Get Better at Your Job—by Taking More Vacations
One of the most common mixed messages in the workplace is “You work too hard.’’
Americans, who already have far less time off than our peers in other wealthy countries, tend not to use all of the vacation days we do have: we left a cumulative 658 million days of paid time off unused in 2015. According to Project: Time Off, employees at all levels skip vacations due to fear of not meeting management’s expectations about commitment, along with valid concerns about the pile of work to catch up on when they return.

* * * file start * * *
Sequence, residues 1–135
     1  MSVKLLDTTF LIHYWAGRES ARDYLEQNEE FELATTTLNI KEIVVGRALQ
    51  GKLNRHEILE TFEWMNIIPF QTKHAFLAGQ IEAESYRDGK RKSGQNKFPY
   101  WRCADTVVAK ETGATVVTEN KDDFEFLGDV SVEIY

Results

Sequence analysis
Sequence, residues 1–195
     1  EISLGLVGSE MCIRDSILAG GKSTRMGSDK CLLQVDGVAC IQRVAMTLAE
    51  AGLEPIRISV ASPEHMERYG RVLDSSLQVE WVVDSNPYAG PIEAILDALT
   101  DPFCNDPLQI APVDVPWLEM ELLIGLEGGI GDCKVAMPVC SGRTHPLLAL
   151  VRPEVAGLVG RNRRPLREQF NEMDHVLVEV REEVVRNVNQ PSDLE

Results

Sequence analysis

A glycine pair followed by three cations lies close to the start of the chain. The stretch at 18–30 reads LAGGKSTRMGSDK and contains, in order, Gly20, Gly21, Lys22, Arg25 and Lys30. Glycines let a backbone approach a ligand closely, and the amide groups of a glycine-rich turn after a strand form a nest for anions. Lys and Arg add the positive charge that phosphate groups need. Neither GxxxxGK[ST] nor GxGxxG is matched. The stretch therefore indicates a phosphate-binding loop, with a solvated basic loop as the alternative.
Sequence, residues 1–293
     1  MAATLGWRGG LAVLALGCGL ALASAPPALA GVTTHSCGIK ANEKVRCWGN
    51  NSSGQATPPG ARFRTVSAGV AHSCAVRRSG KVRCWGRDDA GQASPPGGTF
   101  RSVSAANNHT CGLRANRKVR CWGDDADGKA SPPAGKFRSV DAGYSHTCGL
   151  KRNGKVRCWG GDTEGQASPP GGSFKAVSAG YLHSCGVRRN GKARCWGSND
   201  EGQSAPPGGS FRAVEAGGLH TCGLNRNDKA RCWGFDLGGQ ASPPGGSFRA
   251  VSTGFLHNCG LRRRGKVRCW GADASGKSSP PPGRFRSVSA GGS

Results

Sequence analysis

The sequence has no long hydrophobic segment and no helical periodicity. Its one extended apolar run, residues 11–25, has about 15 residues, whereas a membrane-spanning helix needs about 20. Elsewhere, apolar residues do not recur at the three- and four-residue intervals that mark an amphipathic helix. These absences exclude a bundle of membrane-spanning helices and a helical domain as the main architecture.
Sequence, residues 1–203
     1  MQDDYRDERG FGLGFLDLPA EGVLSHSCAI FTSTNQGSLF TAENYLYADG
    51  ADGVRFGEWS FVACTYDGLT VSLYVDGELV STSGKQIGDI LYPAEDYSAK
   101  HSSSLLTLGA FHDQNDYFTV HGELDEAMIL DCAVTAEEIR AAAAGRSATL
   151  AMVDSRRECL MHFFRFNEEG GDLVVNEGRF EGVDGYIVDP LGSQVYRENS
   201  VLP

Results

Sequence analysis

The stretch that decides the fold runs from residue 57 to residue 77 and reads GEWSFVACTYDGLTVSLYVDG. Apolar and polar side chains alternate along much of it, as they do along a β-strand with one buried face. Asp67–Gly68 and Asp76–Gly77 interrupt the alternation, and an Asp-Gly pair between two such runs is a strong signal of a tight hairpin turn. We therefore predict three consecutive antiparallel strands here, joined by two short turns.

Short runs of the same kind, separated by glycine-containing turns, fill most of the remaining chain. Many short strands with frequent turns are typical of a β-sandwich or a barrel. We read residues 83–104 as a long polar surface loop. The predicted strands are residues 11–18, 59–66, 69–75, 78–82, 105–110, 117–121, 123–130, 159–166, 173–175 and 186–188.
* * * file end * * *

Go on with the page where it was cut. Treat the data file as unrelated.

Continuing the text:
But neuroscience tells us that time off is essential—and that our brain is never so “off’’ as it seems. Scientists who study the work and relaxation patterns of high-achieving artists and musicians conclude that long interludes between intense bursts of concentrated work fuel the flowering of creativity needed to create new art and music.
Even for those who don’t work in the arts, a four-day weekend in a cabin without Wi-Fi may help to solve problems that baffle us at work. Research indicates the “resting’’ brain is using about as much energy as when we are immersed in problem-solving, which implies that deeper mental processes are at work in ways that are useful but not yet well understood.
The bottom line is this: vacation time has value. So take your time off. Your brain will thank you—and your work will improve.